Evelyn Chartres Author
General

The Prelude to Action – Part II

Clara walked through the Terminus’ sections until she found the door leading to her destination. While the gates were designed to travel one way, the doors themselves shifted and moved. Otherwise, given time, an individual could map out the Terminus in its entirety.

Now, she stood before the door and opened it. Clara never liked to dwell on what was about to happen, so she just stepped through.

This time, things were different. Normally, the transition was effortless, and the traveller simply found herself in a new location. This time, the transition was anything but instant and felt like she was being pulled in every direction. Clara opened her eyes and saw a whitewashed world, similar to the one found outside of the Tower.

Unlike the faded memory that was Pompeii, the world before her was changing at a fantastical rate. No one had ever mentioned being conscious during transitions.

“So why am I seeing this,” Clara wondered.

With that thought came a whoosh followed by a ball of fire that was gaining on her. Clara looked about, but found no way to push herself forward or manoeuvre. For better or for worse, she was stuck in transit until she reached her destination.

Moments before the ball of flame enveloped her, Clara felt cool grass beneath her bare feet. She instinctively rolled away and sensed a blast of heat pass over her.

Her eyes took a while to adjust, but she soon witnessed the carnage. The door itself had been blown from its hinges, rendering the gateway inoperative. Clara noted how debris was spread out all over the area and that the luscious green grass had been scorched… Just like the top of her outfit.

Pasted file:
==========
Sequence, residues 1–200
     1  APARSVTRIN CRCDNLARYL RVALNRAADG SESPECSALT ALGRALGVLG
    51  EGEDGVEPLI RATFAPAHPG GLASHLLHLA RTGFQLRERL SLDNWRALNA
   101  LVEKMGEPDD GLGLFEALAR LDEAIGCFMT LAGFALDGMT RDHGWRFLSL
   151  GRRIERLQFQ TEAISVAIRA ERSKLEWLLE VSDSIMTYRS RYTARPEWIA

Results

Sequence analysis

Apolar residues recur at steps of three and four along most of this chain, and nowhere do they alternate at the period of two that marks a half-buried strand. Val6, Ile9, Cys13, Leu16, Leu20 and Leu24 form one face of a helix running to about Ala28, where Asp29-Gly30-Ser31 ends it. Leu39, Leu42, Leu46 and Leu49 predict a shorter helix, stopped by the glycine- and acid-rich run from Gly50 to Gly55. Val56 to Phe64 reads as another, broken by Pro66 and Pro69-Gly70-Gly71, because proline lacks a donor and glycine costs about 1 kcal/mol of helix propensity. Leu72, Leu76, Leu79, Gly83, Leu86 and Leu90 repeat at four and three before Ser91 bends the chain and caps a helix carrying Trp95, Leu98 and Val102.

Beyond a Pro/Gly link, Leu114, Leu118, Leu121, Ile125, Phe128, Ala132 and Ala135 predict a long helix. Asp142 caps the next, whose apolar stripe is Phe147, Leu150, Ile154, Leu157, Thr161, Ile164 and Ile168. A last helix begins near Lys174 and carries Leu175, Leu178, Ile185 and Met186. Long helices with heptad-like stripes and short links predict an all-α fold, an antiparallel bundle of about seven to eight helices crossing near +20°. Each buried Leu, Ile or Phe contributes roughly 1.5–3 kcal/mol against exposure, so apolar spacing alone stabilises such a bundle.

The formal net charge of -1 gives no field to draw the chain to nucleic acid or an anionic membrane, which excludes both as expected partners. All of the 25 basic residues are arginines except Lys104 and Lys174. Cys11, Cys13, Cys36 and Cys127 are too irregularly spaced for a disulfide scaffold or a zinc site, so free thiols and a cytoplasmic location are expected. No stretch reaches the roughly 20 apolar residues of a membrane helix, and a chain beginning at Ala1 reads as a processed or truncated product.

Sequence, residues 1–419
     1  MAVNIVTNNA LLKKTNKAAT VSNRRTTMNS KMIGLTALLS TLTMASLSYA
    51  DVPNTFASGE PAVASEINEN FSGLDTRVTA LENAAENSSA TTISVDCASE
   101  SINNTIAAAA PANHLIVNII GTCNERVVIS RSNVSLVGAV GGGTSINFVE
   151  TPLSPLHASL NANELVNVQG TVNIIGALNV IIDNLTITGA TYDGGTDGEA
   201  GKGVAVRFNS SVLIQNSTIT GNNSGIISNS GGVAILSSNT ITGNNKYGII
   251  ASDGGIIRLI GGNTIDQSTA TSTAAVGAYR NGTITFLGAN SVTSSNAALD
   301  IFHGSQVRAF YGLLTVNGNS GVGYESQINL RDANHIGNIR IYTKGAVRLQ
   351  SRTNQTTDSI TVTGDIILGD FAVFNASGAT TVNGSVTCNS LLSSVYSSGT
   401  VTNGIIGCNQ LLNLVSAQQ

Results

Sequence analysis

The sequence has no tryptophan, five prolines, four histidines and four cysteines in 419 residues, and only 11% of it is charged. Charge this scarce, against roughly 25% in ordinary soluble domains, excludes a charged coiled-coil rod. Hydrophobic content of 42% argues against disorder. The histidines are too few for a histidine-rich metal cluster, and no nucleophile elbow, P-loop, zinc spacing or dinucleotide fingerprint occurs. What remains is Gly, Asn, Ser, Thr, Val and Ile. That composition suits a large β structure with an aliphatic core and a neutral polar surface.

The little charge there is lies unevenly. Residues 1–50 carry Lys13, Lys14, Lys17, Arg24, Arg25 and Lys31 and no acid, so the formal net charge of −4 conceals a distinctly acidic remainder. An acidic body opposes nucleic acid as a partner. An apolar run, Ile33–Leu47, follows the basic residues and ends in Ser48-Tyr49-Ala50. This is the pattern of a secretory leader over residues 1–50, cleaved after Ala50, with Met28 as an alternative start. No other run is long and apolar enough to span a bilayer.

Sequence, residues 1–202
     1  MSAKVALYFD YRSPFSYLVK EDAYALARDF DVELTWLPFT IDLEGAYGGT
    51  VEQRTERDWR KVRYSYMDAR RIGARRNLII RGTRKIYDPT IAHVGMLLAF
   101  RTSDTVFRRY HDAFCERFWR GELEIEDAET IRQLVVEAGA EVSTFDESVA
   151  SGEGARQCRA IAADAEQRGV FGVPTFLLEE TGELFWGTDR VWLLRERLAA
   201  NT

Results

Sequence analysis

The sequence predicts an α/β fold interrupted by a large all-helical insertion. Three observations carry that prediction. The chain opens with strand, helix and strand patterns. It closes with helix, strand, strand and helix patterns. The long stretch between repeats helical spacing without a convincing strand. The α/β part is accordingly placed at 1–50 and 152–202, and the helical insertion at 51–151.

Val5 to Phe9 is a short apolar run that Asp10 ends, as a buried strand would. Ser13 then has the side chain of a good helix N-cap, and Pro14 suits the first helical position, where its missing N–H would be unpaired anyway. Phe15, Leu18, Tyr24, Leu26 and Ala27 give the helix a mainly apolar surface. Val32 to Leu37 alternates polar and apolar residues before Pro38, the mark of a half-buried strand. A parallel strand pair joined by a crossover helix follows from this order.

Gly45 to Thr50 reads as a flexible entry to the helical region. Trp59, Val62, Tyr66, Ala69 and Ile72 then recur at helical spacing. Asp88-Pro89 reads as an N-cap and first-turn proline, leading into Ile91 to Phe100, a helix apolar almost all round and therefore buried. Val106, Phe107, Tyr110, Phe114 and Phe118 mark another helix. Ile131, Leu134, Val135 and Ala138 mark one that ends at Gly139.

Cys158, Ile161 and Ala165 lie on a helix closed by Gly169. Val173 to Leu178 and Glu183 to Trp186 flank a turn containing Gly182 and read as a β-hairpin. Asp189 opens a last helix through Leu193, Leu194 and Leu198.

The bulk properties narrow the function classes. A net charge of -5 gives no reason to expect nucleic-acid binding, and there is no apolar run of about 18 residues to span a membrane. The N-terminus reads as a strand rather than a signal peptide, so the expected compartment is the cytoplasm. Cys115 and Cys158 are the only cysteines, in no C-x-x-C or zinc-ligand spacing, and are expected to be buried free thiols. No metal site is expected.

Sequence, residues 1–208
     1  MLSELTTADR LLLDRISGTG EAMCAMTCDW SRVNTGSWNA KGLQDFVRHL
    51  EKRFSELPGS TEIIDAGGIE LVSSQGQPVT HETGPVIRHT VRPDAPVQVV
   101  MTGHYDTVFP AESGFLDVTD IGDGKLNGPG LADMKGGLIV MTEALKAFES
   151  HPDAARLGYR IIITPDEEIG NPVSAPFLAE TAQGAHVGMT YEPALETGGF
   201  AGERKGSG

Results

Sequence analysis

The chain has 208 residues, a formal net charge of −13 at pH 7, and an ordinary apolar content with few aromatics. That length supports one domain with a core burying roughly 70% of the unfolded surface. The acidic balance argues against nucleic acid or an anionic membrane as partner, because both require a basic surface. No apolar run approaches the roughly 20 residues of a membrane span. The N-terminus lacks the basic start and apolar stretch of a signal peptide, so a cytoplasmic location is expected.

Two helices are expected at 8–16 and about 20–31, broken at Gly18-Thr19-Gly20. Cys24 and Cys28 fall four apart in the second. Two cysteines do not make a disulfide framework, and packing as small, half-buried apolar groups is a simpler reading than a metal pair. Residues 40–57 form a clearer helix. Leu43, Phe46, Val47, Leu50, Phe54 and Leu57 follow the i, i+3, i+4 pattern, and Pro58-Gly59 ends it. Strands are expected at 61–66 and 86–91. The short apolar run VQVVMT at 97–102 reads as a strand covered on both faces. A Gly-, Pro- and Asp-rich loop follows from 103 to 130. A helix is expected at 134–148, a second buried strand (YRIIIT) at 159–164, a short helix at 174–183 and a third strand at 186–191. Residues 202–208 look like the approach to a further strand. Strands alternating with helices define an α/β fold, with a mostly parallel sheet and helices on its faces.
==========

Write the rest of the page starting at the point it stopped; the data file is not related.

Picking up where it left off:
“I liked that top,” Clara said while brushing any dirt from her shoulders.

Clara quickly scanned over her surroundings to make sure there were no witnesses. Fortunately, no one had been visiting this graveyard. Odd, it should have been night. Clara had expected to be under the cover of the waxing moon.

Instead, the sun was a quarter of the way up in the deep blue sky. So unless she had been pulled out of time, Clara must have reached an alternate gate. Did that explain the feeling of being pulled in multiple directions?

“Horsefeathers,” Clara exclaimed. “So, where am I,” she asked.

Disclaimer: This chapter is currently in development. There are likely typos, errors, omissions, inconsistencies and so forth. Please do not treat this as a polished and completed work!

In Flanders Field The Poppies Blow – Part I

The powder keg that was Europe finally blew and plunged the region into chaos. War spread throughout the lands like a plague, bringing death to millions thanks to a new type of warfare. Trench warfare and the machine gun were responsible for the untold deaths, many of whom never got a proper burial, those poor souls were doomed to anonymity beneath the blood soaked mud.